5.3 Improper Integrals Involving Rational and Exponential Functions


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1 Section 5.3 Improper Integrals Involving Rational and Exponential Functions dθ +a cos θ =, < a <. a sin θ ( dθ = a a b a + b cos θ b ), dθ a + b cos θ =, <a. a a + b dθ a + b sin θ = a a + b, <a. < b <a dθ a cos θ + b sin θ + c = dθ a cos θ + b sin θ + c = c a b, a + b <c. (a + c)(b + c), < c < a, c < b. 5.3 Improper Integrals Involving Rational and Exponential Functions In this section we present a useful technique to evaluate improper integrals involving rational and exponential functions. Let a and b be arbitrary real numbers. Consider the integrals () b f(x) and a f(x), where in each case f is continuous in the interval of integration and at its finite endpoint. These are called improper integrals, because the interval of integration is infinite. The integral a f(x) is convergent if b lim b a f(x) exists as a finite number. Similarly, b f(x) is convergent if lim a a b f(x) exists as a finite number. Now let f(x) be continuous on the real line. The integral f(x) is also improper since the interval of integration is infinite, but here it is infinite in both the positive and negative direction. Such an integral is said to be convergent if both f(x) and f(x) are convergent. In this case, we set (Figure )
2 3 Chapter 5 Residue Theory Figure Splitting an improper integral over the line. () f(x) = lim a a f(x) + lim b b f(x). We define the Cauchy principal value of the integral (Figure ) a (3) P.V. f(x) = lim f(x), if the limit exists. a a f(x) to be The Cauchy principal value of an integral may exist even though the integral itself is not convergent. For example, a a x = for all a, which implies that P.V. x =, but the integral itself is clearly not convergent since x =. However, whenever f(x) is convergent, then P.V. f(x) exists, and the two integrals will be the same. This is because lim a a f(x) and lim a a f(x) both exist, and so Figure The Cauchy principal value of the integral. P.V. f(x) = lim a = lim a a ( a = lim = a a f(x) f(x) + a f(x). a f(x) + lim a ) f(x) a f(x) Because of this fact, we can compute a convergent integral over the real line by computing its principal value, which can often be obtained by use of complex methods and the residue theorem. The following test of convergence for improper integrals is similar to tests that we have proved for infinite series. We omit the proof.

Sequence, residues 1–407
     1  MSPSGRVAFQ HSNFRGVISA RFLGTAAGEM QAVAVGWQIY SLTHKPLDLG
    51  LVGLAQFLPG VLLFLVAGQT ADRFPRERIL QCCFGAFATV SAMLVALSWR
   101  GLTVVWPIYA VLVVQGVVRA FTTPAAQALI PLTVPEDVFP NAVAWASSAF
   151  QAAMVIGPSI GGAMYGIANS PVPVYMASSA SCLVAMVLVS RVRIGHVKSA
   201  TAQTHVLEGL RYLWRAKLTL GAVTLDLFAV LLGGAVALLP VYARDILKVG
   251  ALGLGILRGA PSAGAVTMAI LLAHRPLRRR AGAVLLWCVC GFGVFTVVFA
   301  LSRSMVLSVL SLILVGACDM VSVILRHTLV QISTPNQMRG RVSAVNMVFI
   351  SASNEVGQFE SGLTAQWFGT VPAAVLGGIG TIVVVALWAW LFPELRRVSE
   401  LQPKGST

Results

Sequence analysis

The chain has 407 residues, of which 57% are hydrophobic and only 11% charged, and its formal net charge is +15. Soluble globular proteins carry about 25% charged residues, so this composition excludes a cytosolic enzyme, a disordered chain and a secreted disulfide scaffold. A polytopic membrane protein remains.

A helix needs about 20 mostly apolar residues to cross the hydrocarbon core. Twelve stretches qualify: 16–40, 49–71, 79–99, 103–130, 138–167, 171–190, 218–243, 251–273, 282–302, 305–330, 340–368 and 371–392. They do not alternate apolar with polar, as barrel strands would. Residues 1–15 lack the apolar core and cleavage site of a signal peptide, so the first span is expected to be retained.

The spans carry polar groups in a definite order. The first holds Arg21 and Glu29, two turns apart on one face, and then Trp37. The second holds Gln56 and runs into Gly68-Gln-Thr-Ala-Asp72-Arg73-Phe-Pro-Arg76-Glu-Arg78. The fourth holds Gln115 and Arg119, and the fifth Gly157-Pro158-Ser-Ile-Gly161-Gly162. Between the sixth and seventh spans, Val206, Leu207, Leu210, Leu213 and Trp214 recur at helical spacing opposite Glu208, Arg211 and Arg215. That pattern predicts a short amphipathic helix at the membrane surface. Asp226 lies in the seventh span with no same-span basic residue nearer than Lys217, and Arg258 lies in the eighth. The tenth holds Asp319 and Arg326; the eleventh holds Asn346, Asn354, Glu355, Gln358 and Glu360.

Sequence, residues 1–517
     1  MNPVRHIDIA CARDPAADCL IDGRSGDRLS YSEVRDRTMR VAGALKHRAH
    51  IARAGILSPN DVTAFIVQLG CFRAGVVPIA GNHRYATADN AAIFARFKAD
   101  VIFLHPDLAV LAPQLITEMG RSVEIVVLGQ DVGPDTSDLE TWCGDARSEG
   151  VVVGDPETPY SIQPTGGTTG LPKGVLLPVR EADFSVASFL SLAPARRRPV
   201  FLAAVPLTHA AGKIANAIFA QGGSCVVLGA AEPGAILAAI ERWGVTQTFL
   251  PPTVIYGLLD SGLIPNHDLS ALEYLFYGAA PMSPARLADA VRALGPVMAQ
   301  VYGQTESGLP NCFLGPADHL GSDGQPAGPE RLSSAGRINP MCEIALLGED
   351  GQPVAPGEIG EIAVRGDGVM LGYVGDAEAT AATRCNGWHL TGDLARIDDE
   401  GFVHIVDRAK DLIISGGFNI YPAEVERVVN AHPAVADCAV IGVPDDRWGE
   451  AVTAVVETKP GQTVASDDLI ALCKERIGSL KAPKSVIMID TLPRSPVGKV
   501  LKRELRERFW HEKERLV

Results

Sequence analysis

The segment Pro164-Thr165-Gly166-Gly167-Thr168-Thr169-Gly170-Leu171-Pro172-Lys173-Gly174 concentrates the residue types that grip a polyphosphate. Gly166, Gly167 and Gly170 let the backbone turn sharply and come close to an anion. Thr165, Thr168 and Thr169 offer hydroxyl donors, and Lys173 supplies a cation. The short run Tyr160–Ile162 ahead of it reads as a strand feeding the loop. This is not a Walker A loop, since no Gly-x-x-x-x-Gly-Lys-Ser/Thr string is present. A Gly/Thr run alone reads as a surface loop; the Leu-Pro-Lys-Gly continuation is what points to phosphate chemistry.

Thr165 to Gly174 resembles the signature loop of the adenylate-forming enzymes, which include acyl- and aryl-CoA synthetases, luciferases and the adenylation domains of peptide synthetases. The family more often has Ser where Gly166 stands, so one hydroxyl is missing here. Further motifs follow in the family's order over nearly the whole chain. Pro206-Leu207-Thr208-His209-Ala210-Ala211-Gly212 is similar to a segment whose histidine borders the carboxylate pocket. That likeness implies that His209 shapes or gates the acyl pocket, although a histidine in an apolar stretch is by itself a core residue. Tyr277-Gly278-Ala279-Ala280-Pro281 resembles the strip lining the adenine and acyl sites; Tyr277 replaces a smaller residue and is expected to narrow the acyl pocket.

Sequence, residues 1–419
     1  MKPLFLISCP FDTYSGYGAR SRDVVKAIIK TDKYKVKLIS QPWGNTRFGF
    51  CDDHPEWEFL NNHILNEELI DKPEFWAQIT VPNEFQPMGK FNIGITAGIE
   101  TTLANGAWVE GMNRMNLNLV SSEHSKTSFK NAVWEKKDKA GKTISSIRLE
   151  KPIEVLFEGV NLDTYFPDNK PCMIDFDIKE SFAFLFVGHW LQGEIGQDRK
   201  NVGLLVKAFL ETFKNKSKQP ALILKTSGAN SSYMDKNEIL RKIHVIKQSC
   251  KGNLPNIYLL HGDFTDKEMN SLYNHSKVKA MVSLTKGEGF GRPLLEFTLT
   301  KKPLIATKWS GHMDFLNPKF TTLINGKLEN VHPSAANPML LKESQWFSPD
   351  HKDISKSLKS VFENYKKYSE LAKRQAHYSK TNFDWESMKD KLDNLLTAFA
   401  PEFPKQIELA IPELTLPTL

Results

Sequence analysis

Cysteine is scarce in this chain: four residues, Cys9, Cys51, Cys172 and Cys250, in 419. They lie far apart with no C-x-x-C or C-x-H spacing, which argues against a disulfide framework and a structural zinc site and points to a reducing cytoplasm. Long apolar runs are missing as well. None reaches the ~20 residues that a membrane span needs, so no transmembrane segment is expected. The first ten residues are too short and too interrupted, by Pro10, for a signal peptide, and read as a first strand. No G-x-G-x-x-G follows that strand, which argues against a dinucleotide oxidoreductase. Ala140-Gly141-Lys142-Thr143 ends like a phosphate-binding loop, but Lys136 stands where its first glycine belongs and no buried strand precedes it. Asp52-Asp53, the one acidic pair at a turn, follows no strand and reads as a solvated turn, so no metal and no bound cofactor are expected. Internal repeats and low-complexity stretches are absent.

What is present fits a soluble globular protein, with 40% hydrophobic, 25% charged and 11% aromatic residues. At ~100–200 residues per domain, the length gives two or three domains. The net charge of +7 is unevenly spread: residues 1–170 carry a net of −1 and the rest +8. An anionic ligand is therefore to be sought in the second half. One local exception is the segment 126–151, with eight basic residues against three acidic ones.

3 Section 5.3 Improper Integrals Involving Rational and Exponential Functions 3 PROPOSITION INEQUALITIES FOR IMPROPER INTEGRALS Let B A f(x) represent an improper integral as in (), where A = or B =. (i) If B A f(x) is convergent, then B A f(x) is convergent and we have B A f(x) B A f(x). (ii) If f(x) g(x) for all A < x < B and B A g(x) is convergent, then B A f(x) is convergent and we have B A f(x) B A g(x). You are encouraged to use Proposition or any other test from calculus (such as the limit comparison test) to show that an improper integral is convergent. Once the convergence is determined, we may compute the integral via its principal value, as we will illustrate in the examples. EXAMPLE Evaluate Improper integrals and residues: the main ideas I = x x 4 +. Solution To highlight the main ideas, we present the solution in basic steps. Step : Show that the improper integral is convergent. Because the integrand is continuous on the real line, it is enough to show that the integral outside a x finite interval, say [, ], is convergent. For x, we have x 4 + x x = 4 x, and since x is convergent, it follows by Proposition that x x 4 + and x x 4 + are convergent. Thus x is convergent, and so x 4 + x R x (4) x 4 = lim + R x 4 +. Step : Set up the contour integral. We will replac by z and consider the function f(z) = z z 4 +. The general guideline is to integrate this function over a contour that consists partly of the interval [, R], so as to recapture the integral R x x 4 + as part of the contour integral on γ R. Choosing the appropriate contour is not x obvious in general. For a rational function, such as, where the denominator x 4 + does not vanish on thaxis and the degree of the denominator is two more than the degree of the numerator, a closed semicircle γ R as in Figure 3 will work. Since γ R consists of the interval [, R] followed by the semicircle σ R, using the additive property of path integrals (Proposition (iii), Section 3.), we write (5) I γr = f(z) dz = f(z) dz + f(z) dz = I R + I σr. γ R [, R] σ R Figure 3 The path and poles for the contour integral in Example. For z = x in [, R], we have f(z) =f(x) = R x x 4 + x x 4 + and dz =, and so I R =, which according to (4) converges to the desired integral as R. So, in order to compute the desired integral, we must get a handle on the other quantities, I γr and I σr, in (5). Our strategy is as follows. In Step 3, we compute I γr by the residue theorem; and in Step 4, we show that lim R I σr =. This